Due to strong upper winds, the Southern Launch and TiSPACE teams, as well as the Australian Space Agency, came to the decision to postpone the Hapith I launch that was schedule for Friday, September 10th.
The launch teams monitored the winds using radiosondes, in conjunction with information provided from the Bureau of Meteorology, and determined that it would be unsafe to launch in the wind conditions monitored throughout the day.
Southern Launch and TiSPACE will determine a revised test launch date with the Australian Space Agency.
Southern Launch CEO Lloyd Damp said, “Space is hard and that’s why we’re taking an incremental approach to developing an Australian space launch capability. We had planned and trained for this potential outcome, facing an external factor like weather which would result in our teams needing to postpone the launch. The team are disappointed that we were unable to make history today for the Australian space industry, however our launch window is still open until Thursday, September 23rd, so we will be back on the range to attempt another launch.”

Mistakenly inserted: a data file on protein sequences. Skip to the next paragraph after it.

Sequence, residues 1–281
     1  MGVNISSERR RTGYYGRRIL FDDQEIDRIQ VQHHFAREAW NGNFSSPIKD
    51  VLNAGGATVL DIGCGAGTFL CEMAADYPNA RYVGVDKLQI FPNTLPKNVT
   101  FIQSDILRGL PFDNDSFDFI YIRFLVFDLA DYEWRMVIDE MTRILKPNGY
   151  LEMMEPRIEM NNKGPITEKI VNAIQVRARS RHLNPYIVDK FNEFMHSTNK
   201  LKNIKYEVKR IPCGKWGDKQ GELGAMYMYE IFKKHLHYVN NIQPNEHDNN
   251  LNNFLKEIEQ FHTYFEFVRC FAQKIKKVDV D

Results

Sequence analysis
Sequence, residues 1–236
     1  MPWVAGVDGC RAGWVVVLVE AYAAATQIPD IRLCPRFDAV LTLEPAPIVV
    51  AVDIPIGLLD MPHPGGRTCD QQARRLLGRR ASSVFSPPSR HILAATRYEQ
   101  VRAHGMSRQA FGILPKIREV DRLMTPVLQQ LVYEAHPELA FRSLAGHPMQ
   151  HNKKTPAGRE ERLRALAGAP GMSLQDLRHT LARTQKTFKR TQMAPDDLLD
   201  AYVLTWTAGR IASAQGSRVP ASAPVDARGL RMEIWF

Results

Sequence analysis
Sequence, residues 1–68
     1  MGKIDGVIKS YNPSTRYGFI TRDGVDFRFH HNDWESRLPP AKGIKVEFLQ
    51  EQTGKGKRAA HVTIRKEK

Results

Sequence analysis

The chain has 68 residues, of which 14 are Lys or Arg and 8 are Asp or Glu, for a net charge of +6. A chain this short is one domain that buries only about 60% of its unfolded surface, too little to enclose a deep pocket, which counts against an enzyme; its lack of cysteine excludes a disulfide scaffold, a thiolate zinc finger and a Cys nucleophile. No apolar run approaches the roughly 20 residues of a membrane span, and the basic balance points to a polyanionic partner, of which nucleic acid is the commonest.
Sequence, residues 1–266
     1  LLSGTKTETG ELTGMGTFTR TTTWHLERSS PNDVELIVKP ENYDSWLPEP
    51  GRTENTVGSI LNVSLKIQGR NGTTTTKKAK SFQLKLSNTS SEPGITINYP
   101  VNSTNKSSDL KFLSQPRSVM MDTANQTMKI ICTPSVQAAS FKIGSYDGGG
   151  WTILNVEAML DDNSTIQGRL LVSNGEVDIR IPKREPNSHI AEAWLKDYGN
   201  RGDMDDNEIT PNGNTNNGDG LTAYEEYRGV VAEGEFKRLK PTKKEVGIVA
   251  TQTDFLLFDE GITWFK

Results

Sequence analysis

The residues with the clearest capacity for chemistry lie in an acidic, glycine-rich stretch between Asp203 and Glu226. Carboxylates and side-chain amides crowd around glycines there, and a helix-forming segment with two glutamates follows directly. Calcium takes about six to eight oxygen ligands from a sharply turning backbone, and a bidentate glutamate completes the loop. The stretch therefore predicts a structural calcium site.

The test launch of the Taiwanese TiSPACE company’s Hapith I rocket from the Southern Launch‘s Whalers Way Orbital Launch Complex in Southern Australia is scheduled for between 6:00 a.m. and 6:00 p.m., ACST, according to the Australian Space Agency.
The Hapith I (which translate to ‘flying squirrel’ in Saisiyat, a Taiwanese indigenous language) rocket is a two-stage launch vehicle that weighs 3 tons and stands 10 meters tall. The engine uses TiSPACE’s hybrid propulsion technology.
This test launch is being conducted by Southern Launch in support of the major development for the proposed, permanent launch complex. TiSPACE will be testing their hybrid rocket technology.
For those in Australia, the best viewing area will be at the Wanna lookout that is located across the bay from the Whalers Way Orbital Launch Complex, located on Wanna Road in Lincoln National Park, South Australia. This location is approximately a 30 minute drive from Port Lincoln.
“We are tremendously excited to be on the verge of launching Australia back into space. “This test launch represents the culmination of thousands of hours of preparation and planning, not only by everyone on our team but also at state and federal government levels,” said Lloyd Damp, the Chief Executive of Southern Launch. “It also represents a world first for our launch partner TSPACE, which has developed next generation hybrid rocket propulsion technologies to power satellites into orbit. A safe and reliable sovereign launch capability is absolutely key in enabling South Australia and the Eyre Peninsula to start capturing part of the $5.5 billion global space-launch market. It’s important to remember that this is a test launch and that, no matter what happens on the launch day, we will gain valuable data that will further propel us along our journey. That’s what makes it so exciting. We’re hoping the weather remains favorable and that we can give a glimpse into the future of space for Australia.”